Open Access
Open Peer Review

This article has Open Peer Review reports available.

How does Open Peer Review work?

Collagen matrix vs mitomycin-C in trabeculectomy and combined phacoemulsification and trabeculectomy: a randomized controlled trial

  • Angelo P. Tanna1Email author,
  • Alfred W. Rademaker2,
  • C. Gustavo de Moraes3,
  • David G. Godfrey4,
  • Steven R. SarkisianJr.5,
  • Steven D. Vold6 and
  • Robert Ritch7
BMC OphthalmologyBMC series – open, inclusive and trusted201616:217

https://doi.org/10.1186/s12886-016-0393-z

Received: 22 July 2016

Accepted: 24 November 2016

Published: 29 December 2016

Abstract

Background

Antifibrotic agents are commonly utilized to enhance the success rates of trabeculectomy. Novel approaches to further improve success rates and reduce the risks of complications are needed. The purpose of this study was to compare intraocular pressure (IOP)-lowering efficacy and safety of trabeculectomy or combined phacoemulsification and trabeculectomy with mitomycin-C (MMC) vs. Collagen Matrix (CM).

Methods

A prospective, multicenter, randomized controlled trial was performed. Ninety-five eyes of 94 patients with uncontrolled glaucoma despite medical therapy, without previous incisional glaucoma surgery underwent trabeculectomy (85 eyes) or combined phacoemulsification and trabeculectomy (10 eyes) and were randomized to MMC or CM. One eye of each subject was analyzed. Patients were followed for 24 months. The criteria for complete success were IOP >5 and ≤21 mmHg with at least a 20% reduction below medicated baseline without additional glaucoma surgery or medications. The main outcome measures were complete success rates at 24 months with Kaplan-Meier analysis and incidence of adverse events.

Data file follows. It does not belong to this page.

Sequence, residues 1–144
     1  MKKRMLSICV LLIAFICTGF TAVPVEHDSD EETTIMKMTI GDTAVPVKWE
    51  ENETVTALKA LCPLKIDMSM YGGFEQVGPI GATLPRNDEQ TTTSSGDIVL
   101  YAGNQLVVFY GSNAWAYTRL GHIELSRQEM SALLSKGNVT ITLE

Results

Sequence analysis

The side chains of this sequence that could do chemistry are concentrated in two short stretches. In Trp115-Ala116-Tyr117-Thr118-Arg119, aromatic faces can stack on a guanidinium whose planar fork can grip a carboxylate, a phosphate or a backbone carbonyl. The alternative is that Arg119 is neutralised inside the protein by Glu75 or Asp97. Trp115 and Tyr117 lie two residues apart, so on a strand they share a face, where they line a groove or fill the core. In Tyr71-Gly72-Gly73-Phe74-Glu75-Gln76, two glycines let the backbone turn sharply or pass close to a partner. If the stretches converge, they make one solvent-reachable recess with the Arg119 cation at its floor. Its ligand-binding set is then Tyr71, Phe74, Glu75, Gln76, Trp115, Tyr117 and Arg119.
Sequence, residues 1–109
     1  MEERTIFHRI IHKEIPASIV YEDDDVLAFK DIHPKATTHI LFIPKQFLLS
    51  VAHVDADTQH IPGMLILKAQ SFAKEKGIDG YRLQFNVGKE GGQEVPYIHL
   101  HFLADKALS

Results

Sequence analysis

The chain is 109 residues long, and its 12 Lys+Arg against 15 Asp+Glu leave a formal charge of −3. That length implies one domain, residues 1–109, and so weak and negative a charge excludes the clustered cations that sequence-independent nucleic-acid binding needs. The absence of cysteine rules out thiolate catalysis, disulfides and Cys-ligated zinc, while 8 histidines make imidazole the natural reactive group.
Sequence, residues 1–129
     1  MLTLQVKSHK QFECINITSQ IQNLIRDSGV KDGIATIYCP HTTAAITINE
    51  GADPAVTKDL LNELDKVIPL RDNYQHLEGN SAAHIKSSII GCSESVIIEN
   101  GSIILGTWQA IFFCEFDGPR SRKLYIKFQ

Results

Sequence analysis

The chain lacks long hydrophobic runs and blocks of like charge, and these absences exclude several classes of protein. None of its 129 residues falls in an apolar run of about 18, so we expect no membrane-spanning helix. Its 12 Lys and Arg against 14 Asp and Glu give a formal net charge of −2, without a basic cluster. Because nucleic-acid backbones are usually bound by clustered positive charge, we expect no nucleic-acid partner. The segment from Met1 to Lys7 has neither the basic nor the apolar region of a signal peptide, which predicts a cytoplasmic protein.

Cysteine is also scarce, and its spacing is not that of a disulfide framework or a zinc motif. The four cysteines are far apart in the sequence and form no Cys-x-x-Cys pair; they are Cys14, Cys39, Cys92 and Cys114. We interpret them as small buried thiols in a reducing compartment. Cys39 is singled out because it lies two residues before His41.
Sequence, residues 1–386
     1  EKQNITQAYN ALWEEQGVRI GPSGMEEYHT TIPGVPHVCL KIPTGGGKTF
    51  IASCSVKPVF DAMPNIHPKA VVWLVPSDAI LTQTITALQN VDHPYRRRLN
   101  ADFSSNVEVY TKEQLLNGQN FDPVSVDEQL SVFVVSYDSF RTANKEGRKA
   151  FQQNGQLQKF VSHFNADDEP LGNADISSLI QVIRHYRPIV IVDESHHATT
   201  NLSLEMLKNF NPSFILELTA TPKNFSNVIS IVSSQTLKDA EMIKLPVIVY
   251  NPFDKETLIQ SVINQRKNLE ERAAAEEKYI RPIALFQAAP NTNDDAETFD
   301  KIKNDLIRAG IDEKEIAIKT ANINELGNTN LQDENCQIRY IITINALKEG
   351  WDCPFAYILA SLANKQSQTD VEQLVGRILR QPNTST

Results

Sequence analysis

Results

The baseline IOPs were 20.4 ± 6.0 mmHg and 21.2 ± 6.1 (mean ± standard deviation, p = 0.49) on 3.2 ± 1.1 and 3.1 ± 1.0 medications (p = 0.53) compared to 11.8 ± 5.2 and 12.8 ± 3.7 (p = 0.36) on 0.5 ± 0.8 and 0.6 ± 1.0 medications (p = 0.63) at 2 years in the MMC and CM groups, respectively. Kaplan-Meier analysis demonstrated complete success rates were similar in both groups at 24 months: 38.4 ± 7.6% with MMC and 56.2 ± 7.9% with CM (mean ± standard error, p = 0.112, log rank test); however, a significantly higher incidence of failure due to persistent hypotony was observed with MMC (p = 0.002).

Conclusions

Use of the CM implant at the time of trabeculectomy or combined phacoemulsification and trabeculectomy is associated with similar complete success rates compared to adjunctive MMC; however, the risk of persistent hypotony is higher with MMC.

Trial registration

ClinicalTrials.gov registration number NCT01440751.

Registered 9/14/11

Background